I did receive one interesting casting suggestion in the JukePop comments section. Daggers author K.R. Cross offered up one Josh Peck as a potential actor for our protagonist Brian.
Not bad. He's a little too old, and a little TOO New Yawk (believe me... not every teen in NYC has the thick accent -- in fact, most don't). But he's one way to go.
Which actually gives me the opportunity to reveal a little something about Brian himself.
I have a very clear sense of who he is, what his quirks are, what he likes, what he fears, what he hates... but the one detail I have left intentionally vague is the color of his skin.
1) The nature of Brian's predicament allows for him to be any color without having to reflect the Earthbound culture of that color. He's adopted, his real parents are long gone and from another dimension, he was raised in an ordinary middle-class family whose ethnicity I have also left blank. You know they're strong, you know they're tight-knit... that's all you need to know. He didn't grow up White or Black or Hispanic or Asian or identifying with any other culture the people of Earth identify themselves with. He grew up New York. His personality was shaped by open-minded parents living in one of the most open-minded cities on the planet.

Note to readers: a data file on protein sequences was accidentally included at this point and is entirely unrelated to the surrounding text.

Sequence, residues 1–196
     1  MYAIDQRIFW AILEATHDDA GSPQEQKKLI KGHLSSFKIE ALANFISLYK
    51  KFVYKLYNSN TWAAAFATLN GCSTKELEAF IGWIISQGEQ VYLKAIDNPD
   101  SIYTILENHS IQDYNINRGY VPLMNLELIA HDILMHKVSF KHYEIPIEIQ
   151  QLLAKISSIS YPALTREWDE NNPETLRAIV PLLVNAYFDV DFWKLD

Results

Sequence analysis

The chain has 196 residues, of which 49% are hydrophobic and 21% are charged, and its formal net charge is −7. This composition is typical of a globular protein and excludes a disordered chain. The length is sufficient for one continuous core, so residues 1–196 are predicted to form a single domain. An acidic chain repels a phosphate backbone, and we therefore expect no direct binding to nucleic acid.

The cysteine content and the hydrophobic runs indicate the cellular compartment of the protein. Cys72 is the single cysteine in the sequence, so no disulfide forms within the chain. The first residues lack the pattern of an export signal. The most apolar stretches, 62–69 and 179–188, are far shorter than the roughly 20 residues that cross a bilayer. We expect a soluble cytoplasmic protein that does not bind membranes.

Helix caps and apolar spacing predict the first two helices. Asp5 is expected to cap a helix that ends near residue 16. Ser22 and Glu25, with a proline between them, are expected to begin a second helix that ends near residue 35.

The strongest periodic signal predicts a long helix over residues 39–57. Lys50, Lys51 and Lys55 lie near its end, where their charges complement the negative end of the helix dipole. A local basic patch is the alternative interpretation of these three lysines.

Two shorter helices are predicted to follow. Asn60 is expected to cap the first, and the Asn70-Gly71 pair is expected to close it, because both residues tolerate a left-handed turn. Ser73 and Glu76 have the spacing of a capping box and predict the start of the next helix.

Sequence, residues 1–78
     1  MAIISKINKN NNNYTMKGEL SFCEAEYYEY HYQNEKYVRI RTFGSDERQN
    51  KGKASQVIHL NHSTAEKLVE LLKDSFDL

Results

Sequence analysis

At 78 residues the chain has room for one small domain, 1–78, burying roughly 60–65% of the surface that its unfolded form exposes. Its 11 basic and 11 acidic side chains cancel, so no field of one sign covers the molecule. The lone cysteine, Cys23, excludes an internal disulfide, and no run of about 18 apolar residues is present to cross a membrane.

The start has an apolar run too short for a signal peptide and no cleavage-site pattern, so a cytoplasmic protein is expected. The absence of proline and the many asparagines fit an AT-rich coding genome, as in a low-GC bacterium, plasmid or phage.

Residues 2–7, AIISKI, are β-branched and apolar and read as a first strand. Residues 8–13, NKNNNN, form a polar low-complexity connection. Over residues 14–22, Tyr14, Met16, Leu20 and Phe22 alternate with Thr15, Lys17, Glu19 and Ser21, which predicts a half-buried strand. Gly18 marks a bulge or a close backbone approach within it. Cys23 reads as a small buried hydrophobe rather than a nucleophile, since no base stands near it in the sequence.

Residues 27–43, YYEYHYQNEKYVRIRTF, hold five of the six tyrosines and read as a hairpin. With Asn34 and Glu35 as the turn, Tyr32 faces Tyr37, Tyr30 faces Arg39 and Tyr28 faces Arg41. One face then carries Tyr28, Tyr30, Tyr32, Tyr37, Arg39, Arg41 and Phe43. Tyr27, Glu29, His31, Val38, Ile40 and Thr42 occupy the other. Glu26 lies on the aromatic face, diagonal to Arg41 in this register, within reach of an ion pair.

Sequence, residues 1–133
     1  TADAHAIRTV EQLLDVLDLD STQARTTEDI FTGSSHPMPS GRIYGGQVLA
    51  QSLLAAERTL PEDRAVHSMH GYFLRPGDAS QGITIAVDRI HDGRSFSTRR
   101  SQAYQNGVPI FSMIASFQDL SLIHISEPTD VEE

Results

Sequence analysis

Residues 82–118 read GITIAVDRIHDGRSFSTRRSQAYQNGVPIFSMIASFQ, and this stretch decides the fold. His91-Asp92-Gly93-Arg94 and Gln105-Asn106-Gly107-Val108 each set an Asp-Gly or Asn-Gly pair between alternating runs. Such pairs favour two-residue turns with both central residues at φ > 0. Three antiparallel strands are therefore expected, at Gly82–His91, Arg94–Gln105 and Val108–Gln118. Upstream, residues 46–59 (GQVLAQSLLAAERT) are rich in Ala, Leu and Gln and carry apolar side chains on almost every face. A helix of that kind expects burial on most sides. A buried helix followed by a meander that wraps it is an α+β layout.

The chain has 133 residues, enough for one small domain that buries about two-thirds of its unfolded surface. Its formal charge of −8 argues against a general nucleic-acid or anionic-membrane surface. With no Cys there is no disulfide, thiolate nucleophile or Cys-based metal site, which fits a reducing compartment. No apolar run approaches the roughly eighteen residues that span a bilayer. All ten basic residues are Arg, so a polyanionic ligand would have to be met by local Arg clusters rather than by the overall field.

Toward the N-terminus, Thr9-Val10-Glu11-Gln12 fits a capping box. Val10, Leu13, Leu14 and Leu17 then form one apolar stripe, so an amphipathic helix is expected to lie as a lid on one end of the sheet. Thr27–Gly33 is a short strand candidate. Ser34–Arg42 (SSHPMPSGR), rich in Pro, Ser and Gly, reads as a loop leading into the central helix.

Who he is is not determined by the color of his skin. He's a human being. Period.
Being half-hispanic and all-caucasian myself, I have something of a vested interest in this kind of portrayal. I'm ready for more people to be judged by their actions.
But that's just my little soapbox. The second reason is much more fun...
2) When I read a story, I like to imagine myself as the main character. It's only natural. It's escapist! I want to be the hero saving the day and getting the girl. That's an easy fantasy to invest in when the main character is a white (or partially hispanic) male with brown hair and brown eyes, because HEY -- that's just what I look like! But, I imagine it's not so easy for someone who doesn't look like that. They don't get to be the hero. They have to stay out in the audience.
By making Brian race-neutral, ANYone who reads the story can put themselves in his shoes and experience his journey firsthand.
Well... unless you're female. (Sorry ladies. I'll catch you on the next one.)
SO... what that means is, in the Gatewalker movie, ANYONE could play Brian! Andrew Garfield, Donald Glover, Dev Patel, Dante Basco (can you guess the connection between those last two names? TRIVIA!)... anyone.
Though, all of those actors I just listed are too old.
So, start throwing actors at me in the comments below! And don't just stick to one ethnicity. Branch out! Try to find the right actor.
As always, thanks for reading.
Until Chapter 4!